Four innovative plastic packaging examples from PackEx Toronto: Page 3 of 4

PackEx Cannasupplies Daisy pouches and blue bins

Tempo Plastics Limited (Innisfil, ON, Canada) has added a strong sustainable alternative to its portfolio of flexible packaging that stretches back nearly 50 years: a recyclable structure available either as pouches or rollstock material derived from a single polymer, high-density polyethylene, that can be recycled in the #2 polyethylene stream.

Promoted as “Guilt-Free packaging,” HARMONYPack was created for a circular economy while exceeding market criteria for cost, durability and other key performance measures of desirable packaging, according to Leonardo Giglio, vp marketing & product development. “Our philosophy behind HarmonyPack is to build the circular economy by designing packaging to be easier to recycle.”

He believes the timing is perfect for this type of packaging. PackEx Cannasupplies Daisy pouches back closeup

“More than ever, the push to eliminate waste is at the forefront of mainstream media and the consumer’s mind,” he explained. “Major companies are making commitments to reduce their packaging waste to landfill. We see this as an opportunity to help our customers achieve these goals. In fact, sustainability seems to be a daily conversation among customers. We want to both educate and help our customers find these solutions.”

His remark about the timing proved prophetic: in debuting HarmonyPack at PackEx, Tempo Plastics was pleased to display the first customer application in the booth: pouches of Dainty brand rice in three varieties from Les Aliments Dainty Foods. Inc., which has locations in Montreal and Toronto.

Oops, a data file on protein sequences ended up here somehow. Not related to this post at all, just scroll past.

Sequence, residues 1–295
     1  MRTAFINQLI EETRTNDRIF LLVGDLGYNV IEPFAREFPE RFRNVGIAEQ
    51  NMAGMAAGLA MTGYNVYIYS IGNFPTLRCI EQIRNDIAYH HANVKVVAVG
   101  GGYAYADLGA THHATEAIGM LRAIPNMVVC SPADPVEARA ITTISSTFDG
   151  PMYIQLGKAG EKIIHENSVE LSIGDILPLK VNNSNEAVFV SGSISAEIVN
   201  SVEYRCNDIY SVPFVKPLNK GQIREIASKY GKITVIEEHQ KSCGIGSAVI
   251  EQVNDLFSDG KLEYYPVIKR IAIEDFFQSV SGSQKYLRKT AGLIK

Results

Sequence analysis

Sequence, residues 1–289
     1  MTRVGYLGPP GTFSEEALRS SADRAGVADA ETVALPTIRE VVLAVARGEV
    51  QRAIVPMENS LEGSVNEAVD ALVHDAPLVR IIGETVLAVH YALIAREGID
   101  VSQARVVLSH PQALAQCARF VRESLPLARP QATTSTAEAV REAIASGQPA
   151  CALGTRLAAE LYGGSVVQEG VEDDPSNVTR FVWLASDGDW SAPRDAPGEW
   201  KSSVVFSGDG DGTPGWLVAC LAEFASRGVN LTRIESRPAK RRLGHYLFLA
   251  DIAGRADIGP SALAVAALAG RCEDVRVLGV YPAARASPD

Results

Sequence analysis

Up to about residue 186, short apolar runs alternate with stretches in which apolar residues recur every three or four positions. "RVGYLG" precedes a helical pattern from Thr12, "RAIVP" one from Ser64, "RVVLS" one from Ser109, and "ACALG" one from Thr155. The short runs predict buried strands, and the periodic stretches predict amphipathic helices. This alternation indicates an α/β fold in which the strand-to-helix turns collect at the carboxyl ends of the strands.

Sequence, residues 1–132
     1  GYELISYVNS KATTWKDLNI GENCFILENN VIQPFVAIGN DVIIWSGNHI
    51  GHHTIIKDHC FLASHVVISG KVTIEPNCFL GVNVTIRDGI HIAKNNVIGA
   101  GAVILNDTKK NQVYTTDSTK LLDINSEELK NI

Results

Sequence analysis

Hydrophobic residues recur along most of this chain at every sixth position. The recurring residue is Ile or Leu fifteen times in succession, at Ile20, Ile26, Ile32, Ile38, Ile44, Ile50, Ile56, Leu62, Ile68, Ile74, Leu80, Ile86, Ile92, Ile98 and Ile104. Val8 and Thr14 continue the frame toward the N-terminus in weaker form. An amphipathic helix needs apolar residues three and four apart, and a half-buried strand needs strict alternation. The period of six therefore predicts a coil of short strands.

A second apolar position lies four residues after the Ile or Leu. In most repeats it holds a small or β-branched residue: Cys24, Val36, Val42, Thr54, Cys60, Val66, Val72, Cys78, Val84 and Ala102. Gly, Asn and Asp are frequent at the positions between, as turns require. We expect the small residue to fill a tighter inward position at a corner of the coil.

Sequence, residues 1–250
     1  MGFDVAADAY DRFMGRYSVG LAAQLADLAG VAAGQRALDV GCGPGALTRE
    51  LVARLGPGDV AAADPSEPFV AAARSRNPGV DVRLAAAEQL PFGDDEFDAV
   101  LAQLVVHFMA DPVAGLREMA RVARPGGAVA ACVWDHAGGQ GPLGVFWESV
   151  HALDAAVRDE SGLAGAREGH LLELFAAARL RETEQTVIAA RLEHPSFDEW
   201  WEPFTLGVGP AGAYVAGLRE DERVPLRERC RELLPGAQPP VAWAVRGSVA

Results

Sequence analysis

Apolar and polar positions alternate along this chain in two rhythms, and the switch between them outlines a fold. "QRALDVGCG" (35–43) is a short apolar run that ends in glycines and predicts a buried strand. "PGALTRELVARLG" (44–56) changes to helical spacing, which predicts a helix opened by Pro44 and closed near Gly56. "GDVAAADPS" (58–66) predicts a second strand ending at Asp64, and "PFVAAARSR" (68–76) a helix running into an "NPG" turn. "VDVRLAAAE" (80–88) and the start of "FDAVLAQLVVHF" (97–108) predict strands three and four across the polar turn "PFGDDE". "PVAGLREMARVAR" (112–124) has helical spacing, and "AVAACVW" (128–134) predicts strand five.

The monolayer all-HDPE film structure marks the introduction of the brand’s new organic products line. Rather than the regular products blue-hued packs, Dainty chose green as the dominant color to message the pouches’ sustainability capability as recyclable. The pouches are surface-printed flexographically in six colors.

A How2recycle label will be issued for the packaging, Giglio pointed out, requiring that brand owners wanting to use the logo on the HarmonyPack will have to enter into a membership agreement. “We can help facilitate that process at the start of the design process,” he added.

HarmonyPack is applicable for products from small snack food sizes to large-format dog food bags. Markets include pet treats, confections, lawn and garden, nuts and seeds, coffee, frozen foods, bakery and snack foods.

For more on HarmonyPack, see Recyclable stand-up pouch is circular-economy ready, published May 2019 by Packaging Digest.

Next: From diver suits to custom sleeved bottles

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